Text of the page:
Doris Roberts dies at 90; Italian mamma from ‘Everybody Loves Raymond’

Doris Roberts autographs a sign during the Feb. 10, 2003, ceremony honoring her with a star on Hollywood's Walk of Fame.

Doris Roberts autographs a sign during the Feb. 10, 2003, ceremony honoring her with a star on Hollywood’s Walk of Fame.

(Jon Kopaloff / Getty Images)

Doris Roberts, a five-time Emmy winner best known for her work as Marie Barone on “Everybody Loves Raymond,” died Sunday in Los Angeles, a family spokeswoman confirmed to The Times on Monday.

The actress “died peacefully in her sleep of natural causes,” the family said. She was 90.

“Doris Roberts had an energy and a spirit that amazed me,” costar Ray Romano said in a statement. “She never stopped. Whether working professionally or with her many charities, or just nurturing and mentoring a young, green comic trying to make it as an actor, she did it all with such a grand love for life and people, and I will miss her dearly.”

Roberts was a part of the “Raymond” family from 1996 to 2005, but also counted an Emmy-winning turn on “St. Elsewhere” and credits on well-known ‘70s and ‘80s shows, including “Remington Steele,” “Soap,” “Fantasy Island,” “The Love Boat” and “The Streets of San Francisco.” She starred as Theresa Falco, mother to Donna Pescow’s title character on the show “Angie,” which ran for two seasons.


“Everybody Loves Raymond” co-star Patricia Heaton tweeted: “My wonderful TV mother-in-law and ELR nemesis Doris Roberts was a consummate professional from whom I learned so much. She was funny and tough and loved life, living it to the fullest. Nothing gave her greater joy than her three wonderful grandchildren, of whom she was so proud. It truly was a privilege Doris. I love you and miss you.”

“Everyone Loves Raymond” show creator Phil Rosenthal said that although Roberts had been “waning in the last few months” she still had her “fierce” spirit until the end. “She was taking acting classes right up to the end,” he told The Times. “ And really cared about being an actress and being professional. She was very dedicated to the craft. She was the real thing. She wanted to always stay sharp.”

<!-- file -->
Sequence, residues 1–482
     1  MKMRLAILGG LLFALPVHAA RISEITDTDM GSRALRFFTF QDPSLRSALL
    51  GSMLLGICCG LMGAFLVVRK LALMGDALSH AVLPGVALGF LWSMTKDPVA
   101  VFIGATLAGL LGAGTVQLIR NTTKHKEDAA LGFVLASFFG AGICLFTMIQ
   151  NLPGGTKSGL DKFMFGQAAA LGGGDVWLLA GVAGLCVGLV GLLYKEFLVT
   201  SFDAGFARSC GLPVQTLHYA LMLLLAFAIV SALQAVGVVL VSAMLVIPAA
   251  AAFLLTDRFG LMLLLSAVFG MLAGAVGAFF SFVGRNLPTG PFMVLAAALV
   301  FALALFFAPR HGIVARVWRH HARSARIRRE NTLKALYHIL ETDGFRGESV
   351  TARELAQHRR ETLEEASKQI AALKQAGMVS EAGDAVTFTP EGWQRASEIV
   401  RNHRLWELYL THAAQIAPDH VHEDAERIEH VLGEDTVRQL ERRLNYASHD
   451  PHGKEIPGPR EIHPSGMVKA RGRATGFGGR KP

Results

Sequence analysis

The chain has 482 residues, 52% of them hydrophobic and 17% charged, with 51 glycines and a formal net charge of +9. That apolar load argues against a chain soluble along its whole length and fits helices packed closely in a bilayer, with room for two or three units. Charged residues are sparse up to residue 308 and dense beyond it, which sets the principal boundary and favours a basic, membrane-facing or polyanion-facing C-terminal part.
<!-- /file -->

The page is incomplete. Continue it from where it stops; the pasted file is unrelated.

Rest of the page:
Recently, Rosenthal accompanied her to see Lady Gaga and Tony Bennett perform at the Hollywood Bowl. “Lady Gaga couldn’t believe she was getting to meet Doris Roberts!” he said. “We had dinner in the box, we drank, we watched the show and loved it.”

As for the footprint Roberts leaves behind, Rosenthal told The Times she will always be remembered as “the rock of the show.” “She was fearless and fierce and strong,” he said.

He added: “I liked that she was a strong female character. That’s what people really responded to her. It was universal: that meddling mom.”

Long before she became a sitcom icon as the ultimate Italian mamma, Roberts was a young actress trying to make a name for herself in New York in the 1950s.


“I was a member of the Actors Studio,” Roberts told The Times in a 2009 interview. “Marilyn Monroe used to come to class. Martin Balsam was there. Anne Bancroft was there. Geraldine Page.”

Roberts made her Broadway debut in a 1955 revival of William Saroyan’s “The Time of Your Life,” which closed after 15 performances. She played a hooker in a bar. Later that year, Roberts had a small role and understudied star Shirley Booth in the comedy hit “The Desk Set.”

She was nominated for 11 Emmys throughout her career. She won best supporting actress in a drama for “St. Elsewhere” in 1983 and four times for best supporting actress in a comedy for “Everybody Loves Raymond.” Among Roberts’ Emmy nods was one for her work on “Remington Steele,” and in 2003, she was honored with a star on the Hollywood Walk of Fame.

After “Raymond” went off the air in 2005, she kept her status as a working actress, appearing in various TV series, plays and movies with credits running into 2016.

“Desperate Housewives,” “The King of Queens,” “The Middle,” “Grey’s Anatomy” and “Law & Order: SVU” were among her more recent TV credits.

In 2000, she told The Times, “I’m at the age now where I don’t have to do anything. But I do have to see my grandchildren -- Kelsey, Andrew and Devon.” She talked about taking them to amusement parks and to see “The Lion King.”

“Sometimes what I do for fun with friends is go on a ramble,” Roberts continued. “Most of the time you have to plan for everything. My life is always planned. When you ramble, you choose north, south, east or west and you just go. And when you see something you like, you stop. It could be anything -- a flea market or restaurant. And if you find you don’t like it, you can just leave. You come across extraordinary little villages in the middle of the mountains. Or you can go in another direction and you’ve got the ocean.”

“Truly the end of an era,” Heaton said on Twitter, addressing her thoughts to her “beloved Marie.”

Roberts was born in St. Louis on Nov. 4, 1925, and grew up in New York. She was married to Michael Cannata from 1956 to 1962 and had one son, Michael Cannata Jr. William Goyen, a writer, was her husband from 1963 until his death in 1983.

She is survived by her son, Michael Cannata Jr., daughter-in-law, Jane, and three grandchildren, Kelsey, Andrew and Devon Cannata.

Follow Christie D’Zurilla on Twitter @theCDZ.

Times staff writer Brenda Rodriguez and special correspondents Susan King and Robin Rauzi contributed to this report.